3. In a particularly poignant chapter looking at Pakistan’s relations with the Federally Administered Tribal Areas, you observe that Pakistan had “overstated an external threat while underplaying its self-created domestic problems,” leading to the alienation of so many ethnic groups within the country itself. Is it possible, in your view, for Pakistan to rebuild itself domestically if it does not abandon its external focus?
It’s going to be extremely difficult for Pakistan to rebuild itself domestically. Rather like the frog in water that is boiled slowly so that it doesn’t jump out, Pakistan has deteriorated relatively gradually on multiple measures from economics to development to security to international standing. The likeliest outlook is that the situation in Pakistan never becomes so bad that it is forced into a paradigm shift, even as it continues to offer less and less to its citizens. On the domestic front, the status quo still benefits enough people, both in the armed forces and among the elite, for them to resist changes that would threaten their own privileges. In an ideal scenario, the democratic process will be allowed to mature to the point that ordinary citizens begin to demand more from the state. But I don’t see that happening for a long time and the country probably needs new political leaders to help it along.
We’ll also have to see what happens now that China’s influence is growing in Pakistan with its investment in the China-Pakistan Economic Corridor. In the past, China has been impatient with Pakistani adventurism against India and it has no ideological sympathy for jihadis. But nor does it have much interest in nurturing democracy.
4. Near the end of the book, you make the case that Pakistan’s attempts to “wrest control of the Kashmir Valley had come to nothing….it had sacrificed the interests of its citizens while propping up an overly powerful army and spawning a dangerous collection of jihadis on home soil. The nuclear weapons it had believed would prevent the Valley slipping out of its grasp had instead encouraged a recklessness that drove a Kashmir settlement permanently out of reach.” What, if anything, could lead Pakistan to stop this recklessness and focus on the domestic needs of its own citizens, usually the most important obligation for a state?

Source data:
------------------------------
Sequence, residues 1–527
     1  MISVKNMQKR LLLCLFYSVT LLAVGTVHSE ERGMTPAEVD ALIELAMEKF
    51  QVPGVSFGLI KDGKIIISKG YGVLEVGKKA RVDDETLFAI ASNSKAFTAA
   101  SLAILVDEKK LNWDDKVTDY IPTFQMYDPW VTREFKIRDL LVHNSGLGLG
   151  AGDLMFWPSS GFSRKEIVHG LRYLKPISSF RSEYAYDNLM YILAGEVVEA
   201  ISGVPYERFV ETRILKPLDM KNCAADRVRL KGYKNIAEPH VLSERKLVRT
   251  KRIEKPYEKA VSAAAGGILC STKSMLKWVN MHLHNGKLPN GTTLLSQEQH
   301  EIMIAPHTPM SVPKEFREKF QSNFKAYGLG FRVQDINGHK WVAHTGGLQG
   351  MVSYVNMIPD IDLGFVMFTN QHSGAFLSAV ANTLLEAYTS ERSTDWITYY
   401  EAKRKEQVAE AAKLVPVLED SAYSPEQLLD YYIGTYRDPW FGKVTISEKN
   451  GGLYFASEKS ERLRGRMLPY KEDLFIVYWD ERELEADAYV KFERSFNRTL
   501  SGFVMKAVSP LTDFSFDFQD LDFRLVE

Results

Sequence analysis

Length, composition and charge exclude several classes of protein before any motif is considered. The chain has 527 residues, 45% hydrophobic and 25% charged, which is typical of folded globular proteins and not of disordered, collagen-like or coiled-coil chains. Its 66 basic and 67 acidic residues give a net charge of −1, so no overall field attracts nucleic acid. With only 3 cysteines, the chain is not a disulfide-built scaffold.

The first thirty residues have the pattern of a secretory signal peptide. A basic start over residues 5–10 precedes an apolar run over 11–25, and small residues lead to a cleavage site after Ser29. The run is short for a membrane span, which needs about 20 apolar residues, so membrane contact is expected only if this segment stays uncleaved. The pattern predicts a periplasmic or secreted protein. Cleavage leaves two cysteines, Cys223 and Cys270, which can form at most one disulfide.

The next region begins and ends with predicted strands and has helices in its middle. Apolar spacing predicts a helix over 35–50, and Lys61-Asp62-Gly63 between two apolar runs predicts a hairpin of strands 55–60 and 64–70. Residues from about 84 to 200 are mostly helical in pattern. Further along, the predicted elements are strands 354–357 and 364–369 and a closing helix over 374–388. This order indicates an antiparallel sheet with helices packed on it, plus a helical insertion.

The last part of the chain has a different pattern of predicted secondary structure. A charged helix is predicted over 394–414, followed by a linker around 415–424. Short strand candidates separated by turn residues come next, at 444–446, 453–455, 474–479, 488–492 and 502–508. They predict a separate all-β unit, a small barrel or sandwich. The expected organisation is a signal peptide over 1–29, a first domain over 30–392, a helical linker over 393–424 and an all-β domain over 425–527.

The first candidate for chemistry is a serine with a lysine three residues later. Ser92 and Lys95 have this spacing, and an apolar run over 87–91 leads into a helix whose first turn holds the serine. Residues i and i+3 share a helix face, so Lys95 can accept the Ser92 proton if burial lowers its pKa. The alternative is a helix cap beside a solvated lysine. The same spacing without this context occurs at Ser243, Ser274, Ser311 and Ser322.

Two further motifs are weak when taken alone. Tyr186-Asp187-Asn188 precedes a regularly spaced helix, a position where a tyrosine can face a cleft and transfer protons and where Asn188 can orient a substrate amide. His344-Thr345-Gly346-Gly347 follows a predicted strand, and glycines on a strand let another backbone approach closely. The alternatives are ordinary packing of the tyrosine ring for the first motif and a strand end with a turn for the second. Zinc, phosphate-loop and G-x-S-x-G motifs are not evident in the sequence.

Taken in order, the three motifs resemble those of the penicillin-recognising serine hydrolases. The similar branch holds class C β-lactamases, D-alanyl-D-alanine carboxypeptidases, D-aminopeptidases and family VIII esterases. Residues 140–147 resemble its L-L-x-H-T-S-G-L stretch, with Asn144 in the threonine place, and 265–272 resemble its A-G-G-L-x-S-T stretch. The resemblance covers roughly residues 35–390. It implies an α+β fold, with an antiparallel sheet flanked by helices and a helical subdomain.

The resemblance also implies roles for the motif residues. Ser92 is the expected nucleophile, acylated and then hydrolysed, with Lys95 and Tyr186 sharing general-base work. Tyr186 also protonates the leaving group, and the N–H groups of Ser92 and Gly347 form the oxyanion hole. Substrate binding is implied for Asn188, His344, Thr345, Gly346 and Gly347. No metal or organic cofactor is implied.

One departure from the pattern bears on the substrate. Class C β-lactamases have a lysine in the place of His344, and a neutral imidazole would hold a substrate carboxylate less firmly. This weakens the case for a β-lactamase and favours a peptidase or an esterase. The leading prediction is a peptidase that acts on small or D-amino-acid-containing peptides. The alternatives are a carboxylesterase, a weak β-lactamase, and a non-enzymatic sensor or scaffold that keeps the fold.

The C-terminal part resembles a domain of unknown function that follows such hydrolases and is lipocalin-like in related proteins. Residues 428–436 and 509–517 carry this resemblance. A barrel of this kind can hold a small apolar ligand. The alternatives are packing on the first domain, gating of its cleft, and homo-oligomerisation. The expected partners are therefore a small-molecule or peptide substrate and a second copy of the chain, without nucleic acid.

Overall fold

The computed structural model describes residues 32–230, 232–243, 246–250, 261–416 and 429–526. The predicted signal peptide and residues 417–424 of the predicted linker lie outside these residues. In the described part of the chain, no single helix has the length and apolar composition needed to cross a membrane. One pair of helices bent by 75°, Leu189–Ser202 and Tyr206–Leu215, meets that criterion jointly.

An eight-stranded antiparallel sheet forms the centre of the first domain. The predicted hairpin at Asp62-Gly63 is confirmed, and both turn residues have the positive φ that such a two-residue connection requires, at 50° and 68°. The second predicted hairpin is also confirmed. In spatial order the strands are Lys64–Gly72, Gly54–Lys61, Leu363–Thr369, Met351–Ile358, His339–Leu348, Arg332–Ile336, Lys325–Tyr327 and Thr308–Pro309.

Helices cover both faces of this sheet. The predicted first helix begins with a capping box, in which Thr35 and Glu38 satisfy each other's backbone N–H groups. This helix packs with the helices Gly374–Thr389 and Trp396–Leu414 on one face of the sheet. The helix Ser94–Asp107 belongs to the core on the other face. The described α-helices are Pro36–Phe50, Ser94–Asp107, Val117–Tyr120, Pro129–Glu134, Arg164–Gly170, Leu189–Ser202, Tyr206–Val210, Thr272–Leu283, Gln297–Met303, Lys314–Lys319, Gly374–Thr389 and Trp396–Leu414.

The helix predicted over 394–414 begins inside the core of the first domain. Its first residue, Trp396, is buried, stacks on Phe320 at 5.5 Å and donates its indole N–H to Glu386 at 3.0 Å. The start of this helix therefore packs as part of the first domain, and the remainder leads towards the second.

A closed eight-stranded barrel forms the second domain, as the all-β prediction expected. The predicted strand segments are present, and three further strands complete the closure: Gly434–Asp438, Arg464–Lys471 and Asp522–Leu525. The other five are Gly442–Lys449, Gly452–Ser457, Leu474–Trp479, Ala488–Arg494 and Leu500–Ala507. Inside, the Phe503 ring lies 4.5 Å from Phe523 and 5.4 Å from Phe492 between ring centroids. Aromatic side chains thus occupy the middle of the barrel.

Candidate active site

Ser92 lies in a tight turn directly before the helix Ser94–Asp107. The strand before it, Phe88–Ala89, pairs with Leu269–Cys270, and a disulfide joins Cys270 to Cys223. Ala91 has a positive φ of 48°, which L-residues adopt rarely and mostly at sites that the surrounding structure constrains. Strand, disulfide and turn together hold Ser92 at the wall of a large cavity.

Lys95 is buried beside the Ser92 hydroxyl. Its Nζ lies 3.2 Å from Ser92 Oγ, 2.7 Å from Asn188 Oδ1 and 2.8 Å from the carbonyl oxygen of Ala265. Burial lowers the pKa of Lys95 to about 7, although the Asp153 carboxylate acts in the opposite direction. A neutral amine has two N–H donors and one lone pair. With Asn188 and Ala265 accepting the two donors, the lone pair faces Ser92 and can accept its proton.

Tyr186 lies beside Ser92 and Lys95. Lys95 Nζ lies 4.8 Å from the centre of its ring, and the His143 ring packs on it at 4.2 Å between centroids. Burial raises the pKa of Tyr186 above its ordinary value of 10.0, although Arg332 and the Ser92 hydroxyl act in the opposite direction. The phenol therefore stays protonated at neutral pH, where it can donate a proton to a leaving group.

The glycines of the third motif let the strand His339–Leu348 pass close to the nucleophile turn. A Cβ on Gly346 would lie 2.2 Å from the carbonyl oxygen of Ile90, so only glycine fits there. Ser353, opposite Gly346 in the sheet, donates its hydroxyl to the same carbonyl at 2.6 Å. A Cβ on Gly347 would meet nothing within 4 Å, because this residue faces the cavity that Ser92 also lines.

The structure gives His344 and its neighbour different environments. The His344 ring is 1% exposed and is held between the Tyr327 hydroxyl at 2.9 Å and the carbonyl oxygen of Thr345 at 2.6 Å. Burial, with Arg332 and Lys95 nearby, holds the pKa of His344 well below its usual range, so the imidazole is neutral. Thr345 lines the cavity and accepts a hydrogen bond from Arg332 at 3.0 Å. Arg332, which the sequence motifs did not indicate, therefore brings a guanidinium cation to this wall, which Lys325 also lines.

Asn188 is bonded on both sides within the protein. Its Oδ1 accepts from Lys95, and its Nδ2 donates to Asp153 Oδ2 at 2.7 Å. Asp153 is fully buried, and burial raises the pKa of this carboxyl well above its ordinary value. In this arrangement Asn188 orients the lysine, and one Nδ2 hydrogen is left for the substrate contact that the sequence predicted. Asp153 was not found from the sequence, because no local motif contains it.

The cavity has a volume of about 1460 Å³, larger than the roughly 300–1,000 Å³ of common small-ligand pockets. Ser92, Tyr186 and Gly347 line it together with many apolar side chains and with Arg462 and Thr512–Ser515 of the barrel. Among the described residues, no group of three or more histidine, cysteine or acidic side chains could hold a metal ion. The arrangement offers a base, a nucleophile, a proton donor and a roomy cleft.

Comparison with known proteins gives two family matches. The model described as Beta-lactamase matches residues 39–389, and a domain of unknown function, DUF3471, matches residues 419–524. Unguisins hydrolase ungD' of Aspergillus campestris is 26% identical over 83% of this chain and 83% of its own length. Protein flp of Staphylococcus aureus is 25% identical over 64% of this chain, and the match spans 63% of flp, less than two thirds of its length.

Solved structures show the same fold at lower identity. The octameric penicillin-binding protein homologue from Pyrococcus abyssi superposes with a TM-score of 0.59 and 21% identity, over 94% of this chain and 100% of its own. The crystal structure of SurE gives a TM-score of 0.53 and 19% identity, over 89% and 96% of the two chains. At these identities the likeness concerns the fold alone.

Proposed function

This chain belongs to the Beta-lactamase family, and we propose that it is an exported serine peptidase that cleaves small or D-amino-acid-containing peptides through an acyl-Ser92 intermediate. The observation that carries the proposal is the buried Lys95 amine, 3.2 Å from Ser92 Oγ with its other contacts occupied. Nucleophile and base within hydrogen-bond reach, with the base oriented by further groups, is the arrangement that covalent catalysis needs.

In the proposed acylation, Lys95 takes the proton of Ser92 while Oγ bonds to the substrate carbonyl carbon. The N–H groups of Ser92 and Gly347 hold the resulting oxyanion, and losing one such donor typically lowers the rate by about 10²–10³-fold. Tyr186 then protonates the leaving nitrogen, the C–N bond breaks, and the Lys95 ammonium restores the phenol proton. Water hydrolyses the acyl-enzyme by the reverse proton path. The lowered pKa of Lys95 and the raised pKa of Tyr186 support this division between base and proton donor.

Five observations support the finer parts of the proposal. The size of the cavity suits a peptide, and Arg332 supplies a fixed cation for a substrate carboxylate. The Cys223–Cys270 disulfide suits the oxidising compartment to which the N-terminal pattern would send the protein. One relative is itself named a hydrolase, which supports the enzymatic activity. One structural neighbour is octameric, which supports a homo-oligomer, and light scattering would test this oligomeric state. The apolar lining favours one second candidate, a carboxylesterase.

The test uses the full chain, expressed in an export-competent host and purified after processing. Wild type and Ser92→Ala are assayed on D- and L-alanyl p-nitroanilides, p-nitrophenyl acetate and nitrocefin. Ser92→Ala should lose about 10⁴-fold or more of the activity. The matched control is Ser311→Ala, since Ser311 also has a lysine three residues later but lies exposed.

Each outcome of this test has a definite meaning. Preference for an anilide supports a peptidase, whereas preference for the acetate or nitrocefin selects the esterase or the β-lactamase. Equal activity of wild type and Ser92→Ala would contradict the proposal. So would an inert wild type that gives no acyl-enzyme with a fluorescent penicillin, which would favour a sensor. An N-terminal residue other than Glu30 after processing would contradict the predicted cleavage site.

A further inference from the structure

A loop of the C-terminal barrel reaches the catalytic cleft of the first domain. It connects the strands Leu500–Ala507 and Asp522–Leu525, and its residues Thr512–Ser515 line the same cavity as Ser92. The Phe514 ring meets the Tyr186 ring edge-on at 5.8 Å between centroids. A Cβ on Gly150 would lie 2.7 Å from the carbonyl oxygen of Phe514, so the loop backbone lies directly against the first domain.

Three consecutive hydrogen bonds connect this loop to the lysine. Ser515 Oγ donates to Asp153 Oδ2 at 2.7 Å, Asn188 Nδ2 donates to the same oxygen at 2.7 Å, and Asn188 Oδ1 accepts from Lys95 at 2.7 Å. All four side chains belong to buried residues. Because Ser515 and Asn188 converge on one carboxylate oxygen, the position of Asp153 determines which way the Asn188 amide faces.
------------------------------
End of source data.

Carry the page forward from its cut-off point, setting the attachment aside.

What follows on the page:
I’d love to see more critical thinking from the Pakistani elite that focuses on the needs of the country’s citizens. As long as Pakistan styles itself as a champion of the global ummah, you’ll still end up seeing more outrage about, for example, Israel’s behavior towards Palestinians or India’s treatment of Kashmiris, than about human rights abuses and poverty within Pakistan itself. The country also desperately needs to rewrite its school textbooks which currently stress a hyper-nationalist and anti-Hindu view of history. In an ideal world, the media should also be contributing towards a more nuanced understanding of the origins of the Kashmir dispute. I’ve argued in my book that Jammu and Kashmir has been badly served by both India and Pakistan. But given the importance accorded to Kashmir in Pakistan, it’s disappointing that the media continues to parrot a simplistic Pakistani state line that dates back to 1947. As I have argued in the book, no solution on Kashmir is possible, if ever, until Pakistani society is prepared for the possibility of compromise.
5. Washington comes in for some tough criticism in your book—as a “damaging foreign entanglement” for Pakistan during the Cold War, and also as a naïve power willing to believe that General Pervez Musharraf was a bulwark against Islamists all while he undermined secular politics. What would you recommend to Washington policymakers as an alternative approach?
There’s no magic bullet. If the carrots and sticks of the past 16 years or so failed to convince Pakistan to change course, nothing will. Nor is there any obvious punitive action that can bring Pakistan to its senses. Don’t forget this is a country that was cut in two in 1971 and responded by becoming more nationalist and developing nuclear weapons. In the recent period, it has been willing to countenance the deaths of thousands of its own citizens in pursuit of its “good Taliban/bad Taliban” policies. India needs to learn this lesson too – if the United States with all its economic and military muscle couldn’t force Pakistan to change, nothing Delhi does will make much difference either.
The best the United States can do is to stop expecting Pakistan to change and be realistic. It should not imagine that if it makes itself vulnerable to Pakistani influence, for example by sending more troops to Afghanistan who need to be supplied through Pakistan, that it can expect a different outcome from the one it has seen since 2001. I’m not in favour of cutting aid to Pakistan altogether. Washington needs to maintain just enough aid to retain some influence in the country. It is also going to have to work with China on Pakistan, regardless of tensions between Beijing and Washington elsewhere. Finally, the United States could be less mealy-mouthed about calling out Pakistani support for Islamist militants. The diplomatic cover Washington has given Pakistan since 2001—rarely saying in public what it says in private about Pakistani support for jihadis—has only alienated allies in Afghanistan and India and fed confusion among the Pakistani public.